By R. VAUGHAN WILLIAMS, O.M.
cc mUSIC and the ordinary listener "—that summed up Walford Davies' life work—for how he sacrificed all the self-centred life of the composer for that of the organiser, the advocate, one might almost say the preacher. Was this right? For Everyman showed that here was intention and imagination of a high order. It is an eternal problem that confronts all those who feel they have the creative impulse—" shall I shut myself up from the world and follow the dictates of my artistic conscience, or shall I go down to the world of men and show them what I have learnt about eternity and beauty? " Walford Davies had no doubts— he was a born preacher and he determined to go and preach to the Gentiles. This decision was probably right. In spite of its beauty and intention, there is a certain self-consciousness about the music of Everyman which_inhibits the full flow of imagination. It seems to be almost an illustration to a lecture. However, Everyman stands a beautiful emanation from a thoughtful mind.
Anyhow Walford Davies had no doubts about his mission, which was to put the highest musical standards before " Tom, Dick and Harry," as he loved to call his " ordinary listener." Did he fall into that alluring fallacy of baiting his gospel so as to catch as many unmusical fish as possible? On the whole not—those who listened to " Music and the Ordinary Listener," " Melodies of Christendom," and the other series of B.B.C. talks had their minds stored with beautiful melody which was an everlasting possession. But with what " every- man " sang it was not always so ; Walford's intense human sympathy led him occasionally to lower his standards so as to appeal to the " wife with her husband or son " or the " lonely soldier dreaming of home," and he almost persuaded himself that the widow's and the lonely soldier's standard was right and that his own was wrong.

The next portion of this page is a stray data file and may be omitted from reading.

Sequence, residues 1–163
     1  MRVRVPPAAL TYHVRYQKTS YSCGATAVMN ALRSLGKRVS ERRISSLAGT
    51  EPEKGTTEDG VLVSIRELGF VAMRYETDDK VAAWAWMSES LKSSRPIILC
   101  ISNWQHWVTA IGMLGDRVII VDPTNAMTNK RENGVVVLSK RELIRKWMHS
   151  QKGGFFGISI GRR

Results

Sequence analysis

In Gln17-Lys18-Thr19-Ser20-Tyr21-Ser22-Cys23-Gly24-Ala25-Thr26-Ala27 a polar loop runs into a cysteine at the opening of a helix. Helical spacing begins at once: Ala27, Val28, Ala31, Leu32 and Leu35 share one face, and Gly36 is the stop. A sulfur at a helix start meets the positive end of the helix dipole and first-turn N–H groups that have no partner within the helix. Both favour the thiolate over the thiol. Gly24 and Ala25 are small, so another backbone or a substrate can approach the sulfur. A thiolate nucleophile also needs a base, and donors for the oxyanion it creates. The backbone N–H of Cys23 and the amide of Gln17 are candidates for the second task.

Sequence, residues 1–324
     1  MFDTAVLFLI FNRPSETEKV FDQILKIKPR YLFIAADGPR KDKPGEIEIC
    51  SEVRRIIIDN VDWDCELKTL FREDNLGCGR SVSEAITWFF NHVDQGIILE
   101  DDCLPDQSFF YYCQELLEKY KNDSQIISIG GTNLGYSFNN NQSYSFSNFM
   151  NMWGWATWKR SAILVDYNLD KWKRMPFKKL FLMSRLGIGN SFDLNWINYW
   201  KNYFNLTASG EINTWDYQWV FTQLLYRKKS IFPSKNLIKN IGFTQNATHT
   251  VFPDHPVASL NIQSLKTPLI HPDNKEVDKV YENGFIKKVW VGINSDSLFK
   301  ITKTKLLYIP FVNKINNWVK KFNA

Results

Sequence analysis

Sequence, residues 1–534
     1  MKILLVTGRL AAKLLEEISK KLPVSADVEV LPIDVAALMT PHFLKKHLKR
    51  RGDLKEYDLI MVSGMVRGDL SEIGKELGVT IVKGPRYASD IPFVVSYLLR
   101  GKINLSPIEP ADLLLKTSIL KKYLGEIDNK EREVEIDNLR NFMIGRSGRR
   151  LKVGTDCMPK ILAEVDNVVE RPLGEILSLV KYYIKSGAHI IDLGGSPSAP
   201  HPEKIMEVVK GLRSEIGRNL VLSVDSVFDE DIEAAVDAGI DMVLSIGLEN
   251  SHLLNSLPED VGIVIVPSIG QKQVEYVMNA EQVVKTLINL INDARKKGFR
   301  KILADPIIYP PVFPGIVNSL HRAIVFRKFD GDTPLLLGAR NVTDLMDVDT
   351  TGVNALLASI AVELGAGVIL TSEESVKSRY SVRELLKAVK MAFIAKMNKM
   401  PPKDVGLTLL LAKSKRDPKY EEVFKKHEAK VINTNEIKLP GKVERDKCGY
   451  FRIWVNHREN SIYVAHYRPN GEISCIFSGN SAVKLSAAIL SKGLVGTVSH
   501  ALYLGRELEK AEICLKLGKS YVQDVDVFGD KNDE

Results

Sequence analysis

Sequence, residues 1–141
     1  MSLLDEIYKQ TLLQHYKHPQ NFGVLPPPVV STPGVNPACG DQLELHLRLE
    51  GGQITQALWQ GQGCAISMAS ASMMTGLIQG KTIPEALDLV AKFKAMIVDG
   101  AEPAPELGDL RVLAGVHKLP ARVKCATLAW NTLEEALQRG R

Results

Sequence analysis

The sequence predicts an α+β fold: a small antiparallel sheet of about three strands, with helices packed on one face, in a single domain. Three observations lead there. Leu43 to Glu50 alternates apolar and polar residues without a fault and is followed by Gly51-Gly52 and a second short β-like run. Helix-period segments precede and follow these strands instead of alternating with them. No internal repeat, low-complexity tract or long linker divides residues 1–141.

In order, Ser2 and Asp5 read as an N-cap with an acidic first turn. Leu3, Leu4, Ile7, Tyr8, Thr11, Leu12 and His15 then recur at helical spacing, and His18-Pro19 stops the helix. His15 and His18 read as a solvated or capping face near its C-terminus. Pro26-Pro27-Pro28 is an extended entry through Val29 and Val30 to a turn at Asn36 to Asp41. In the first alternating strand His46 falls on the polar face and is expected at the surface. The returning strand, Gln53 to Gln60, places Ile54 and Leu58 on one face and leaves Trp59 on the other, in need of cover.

Is that so? Are the standards of " everyman " right and those of the elect wrong? Perhaps so, but then our whole system of musical aesthetic must be overhauled from top to bottom. Surely, however, the whole essence of Walford Davies' creed in his lectures and lessons was the love (i.e., everybody must needs love the highest when we see it—why not also when we sing it?) What about Walford's comments on the music? We prig- gish professionals were apt to laugh at the frequent use of the word " reverent " and " jolly "—or to quote George Robey's delightful parody, " That naughty little fellow C sharp." But were we not like the puppy who barked at the moon? But the moon went on shining just the same. Walford was not talking to us, but to the novice listener to whom it was pro- bably a revelation that a chord could be reverent or a modula- tion jolly or that harmonic frequencies had almost moral qualities.
When Walford Davies dealt with the expert he never lowered his standard ; the music in the University of Wales is proof of that. Welshmen are rather apt to think that temperament can take the place of technique—to which Davies used to say, " Forget about your temperament, go home and prictise your scales." Those who had the privilege of hearing his choir at Aberystwyth realised what temperament reinforced by technique could do.
One personal reminiscence : one of the most beautiful' things I ever heard was Walford's realisation of the figured bass in Bach's Gottes Zeit.